34. I have a question I’m 18 years old can I drive a spotter / hostlers truck on a rail road yard without any license just a drivers permit?

    Comment by Joshua Taylor — August 23, 2016 @ 1:38 am

  35. If a yard horse is operated only on company property, in the state Michigan, are drivers required to have a CDL?

    Comment by Tom Brown — August 29, 2016 @ 11:27 am

  36. I am sure this question has been asked before. If a yard truck / spotter truck with hydraulic 5th wheel/ single seat tractor is not licensed is it able to go onto a public road to go get Fuel or to a maintenance shop? All our drivers are CDL certified that drive our Ottowa spotting trucks.

    Comment by john jansen — September 9, 2016 @ 7:48 am

  37. In the event you have a yard truck that can be licensed to travel public roads but the company has no intentions of taking it off the company property. Would the operator still be required to have a CDL?

    Comment by Bob Reed — September 14, 2016 @ 9:02 am

  38. Are were required to register our yard truck if we drive them for two blocks on a public street?

    Comment by Keith — November 11, 2016 @ 11:31 am

  39. What about hours of service

    Comment by Travis — November 26, 2016 @ 12:05 am

  40. Question

    Is there a set amount of miles on public roads a yard horse may travel if say stored at a warehouse but then goes to a plant to work each day and if so what about winter condiction.

    Thanks you
    RD

    Comment by Roger D Combs — December 8, 2016 @ 3:18 pm

  41. If you are required to use a yard dog on private property moving trailers in and out are you required to have CDLs to do this performance

    Comment by Robert Young — January 13, 2017 @ 7:03 am

  42. I have a CDL and I am trying to find out if I need a DOT physical card to operate a licensed jockey truck on a public road between yards for a distance of less than a mile?

    Comment by Timothy Wiley — January 21, 2017 @ 9:50 am

  43. My boss wants me to be trained in yard tractor ( they called it yard dog). Is it legal to be trained by a coworker who is not a certified yard tractor or yard dog operator? Does it need to be a certified yard tractoroperator to do this training?

    Comment by rey ramos — February 24, 2017 @ 5:39 pm

  44. If my job made me park tailors and I refused because I have a suspended license and no experience with a commercial vehicle and I got in an accident at who’s at fault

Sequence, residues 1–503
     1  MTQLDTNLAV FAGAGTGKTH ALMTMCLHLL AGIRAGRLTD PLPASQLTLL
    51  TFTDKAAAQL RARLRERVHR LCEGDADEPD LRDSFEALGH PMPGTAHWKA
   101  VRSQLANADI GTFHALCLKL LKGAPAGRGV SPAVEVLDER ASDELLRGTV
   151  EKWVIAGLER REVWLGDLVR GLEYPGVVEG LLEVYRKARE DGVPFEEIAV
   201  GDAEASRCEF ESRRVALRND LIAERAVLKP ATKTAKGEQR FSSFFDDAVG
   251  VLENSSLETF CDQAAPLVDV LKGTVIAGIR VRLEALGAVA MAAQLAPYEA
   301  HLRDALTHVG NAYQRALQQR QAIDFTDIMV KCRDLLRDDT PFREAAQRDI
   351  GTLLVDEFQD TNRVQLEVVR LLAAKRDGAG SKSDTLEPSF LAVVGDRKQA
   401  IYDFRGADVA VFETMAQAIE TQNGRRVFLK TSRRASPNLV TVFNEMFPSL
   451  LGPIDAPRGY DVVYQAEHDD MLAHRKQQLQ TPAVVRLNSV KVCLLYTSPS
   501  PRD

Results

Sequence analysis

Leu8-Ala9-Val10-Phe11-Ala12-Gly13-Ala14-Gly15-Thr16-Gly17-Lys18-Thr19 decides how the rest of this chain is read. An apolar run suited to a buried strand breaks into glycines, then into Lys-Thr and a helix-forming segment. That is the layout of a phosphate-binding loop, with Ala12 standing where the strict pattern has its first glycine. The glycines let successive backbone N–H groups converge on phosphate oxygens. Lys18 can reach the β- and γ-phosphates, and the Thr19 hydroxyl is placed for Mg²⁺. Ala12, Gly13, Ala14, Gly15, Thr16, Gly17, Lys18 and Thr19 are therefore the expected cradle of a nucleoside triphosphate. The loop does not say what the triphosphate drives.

Comment by David — March 30, 2017 @ 4:06 am

  45. Question for you. I have several classes of PIV equipment at my facilities.
    Class I, IV, even a class VII Lull. If I put my yard jockeys through PIV
    Training, which class vehicle training should I put them through.

    Comment by Barbara Reeser — April 11, 2017 @ 8:44 pm

  46. My question is that if you use a 2 axle Yard Hostler to transport loaded trailers from one warehouse to another on a public roadway do they still fall under the legal weight limitations ? My guess is that they would.

    Thank you

    Comment by David Sanchez — June 23, 2017 @ 3:55 pm

  47. The last comment made was in November of 2015. Do you have any recent comments or information about yardswtichers?

    Comment by Joan Colombero — July 30, 2017 @ 9:26 pm

  48. Can a spotter go to another facility on the road in a business complex not plated other facility 1.4 miles away.

    Comment by Mike stone — August 30, 2017 @ 9:40 am

  49. I have one technical question which I need some documentation on. If we obtain an ON ROAD SPOTTER, which is DOT certified and licensed, then I realize that the driver must be CDL certified when driving off our property. My question is, “If we are operating the on road spotter on our property ( just moving trailers from door to door) must the operator be CDL certified in order to do this?”

    Comment by Michael Easton — September 5, 2017 @ 4:15 pm

  50. Want to know what are the guidelines or safety rules when training a new driver how to operate a yard spotter. Is the trainer allowed to ride along with the trainee and physically show the trainee or is this not allowed trying set up an outline and would appreciate any assist Thanks

    Rob

    Comment by Robert Souchet — September 7, 2017 @ 5:04 pm

  51. In va if I surrendered my CDL can I get it back? do I have to redo all tests?

    Comment by Marlene — September 22, 2017 @ 3:08 pm

  52. Was informed by our supervision(Wal-Mart) we must walk “backwards” from our yard trucks (Yanmar) because someone sprained a knee. We have STEPS on both sides for excess and access to our cabs. Why would they recommend a travel direction that you cannot see?

    Comment by Marvin Reichert — October 4, 2017 @ 9:05 pm

  53. Is it in violation if a yard dog heater is broken?

    Comment by Tyler — October 27, 2017 @ 6:27 am

  54. What would not make yard trucks compliant with California Air Resources Board’s Cargo Handling Equipment Regulations while being used on public thoroughfares?
    It appears that these vehicles’ suspensions are not on-road worthy being very noisy.

    Comment by Angel Sierra — November 13, 2017 @ 7:32 pm

  55. I have 2 yard jockeys that do moves in our yard.